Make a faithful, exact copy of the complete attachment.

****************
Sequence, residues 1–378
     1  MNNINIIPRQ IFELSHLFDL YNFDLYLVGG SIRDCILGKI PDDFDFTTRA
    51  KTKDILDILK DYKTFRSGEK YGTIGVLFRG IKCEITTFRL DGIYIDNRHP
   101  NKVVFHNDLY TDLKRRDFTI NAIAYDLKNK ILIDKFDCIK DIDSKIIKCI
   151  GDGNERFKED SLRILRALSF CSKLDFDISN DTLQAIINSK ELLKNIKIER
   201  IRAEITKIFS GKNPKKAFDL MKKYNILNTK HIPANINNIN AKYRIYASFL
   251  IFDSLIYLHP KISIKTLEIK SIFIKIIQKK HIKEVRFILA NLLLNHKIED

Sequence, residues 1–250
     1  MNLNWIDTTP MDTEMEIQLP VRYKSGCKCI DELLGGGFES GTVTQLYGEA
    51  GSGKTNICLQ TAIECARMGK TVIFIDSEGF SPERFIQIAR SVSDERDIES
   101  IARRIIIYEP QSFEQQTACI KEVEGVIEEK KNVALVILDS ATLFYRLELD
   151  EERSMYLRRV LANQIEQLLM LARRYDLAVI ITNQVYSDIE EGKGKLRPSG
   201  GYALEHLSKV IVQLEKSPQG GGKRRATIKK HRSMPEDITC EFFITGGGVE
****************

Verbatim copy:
Sequence, residues 1–378
     1  MNNINIIPRQ IFELSHLFDL YNFDLYLVGG SIRDCILGKI PDDFDFTTRA
    51  KTKDILDILK DYKTFRSGEK YGTIGVLFRG IKCEITTFRL DGIYIDNRHP
   101  NKVVFHNDLY TDLKRRDFTI NAIAYDLKNK ILIDKFDCIK DIDSKIIKCI
   151  GDGNERFKED SLRILRALSF CSKLDFDISN DTLQAIINSK ELLKNIKIER
   201  IRAEITKIFS GKNPKKAFDL MKKYNILNTK HIPANINNIN AKYRIYASFL
   251  IFDSLIYLHP KISIKTLEIK SIFIKIIQKK HIKEVRFILA NLLLNHKIED

Sequence, residues 1–250
     1  MNLNWIDTTP MDTEMEIQLP VRYKSGCKCI DELLGGGFES GTVTQLYGEA
    51  GSGKTNICLQ TAIECARMGK TVIFIDSEGF SPERFIQIAR SVSDERDIES
   101  IARRIIIYEP QSFEQQTACI KEVEGVIEEK KNVALVILDS ATLFYRLELD
   151  EERSMYLRRV LANQIEQLLM LARRYDLAVI ITNQVYSDIE EGKGKLRPSG
   201  GYALEHLSKV IVQLEKSPQG GGKRRATIKK HRSMPEDITC EFFITGGGVE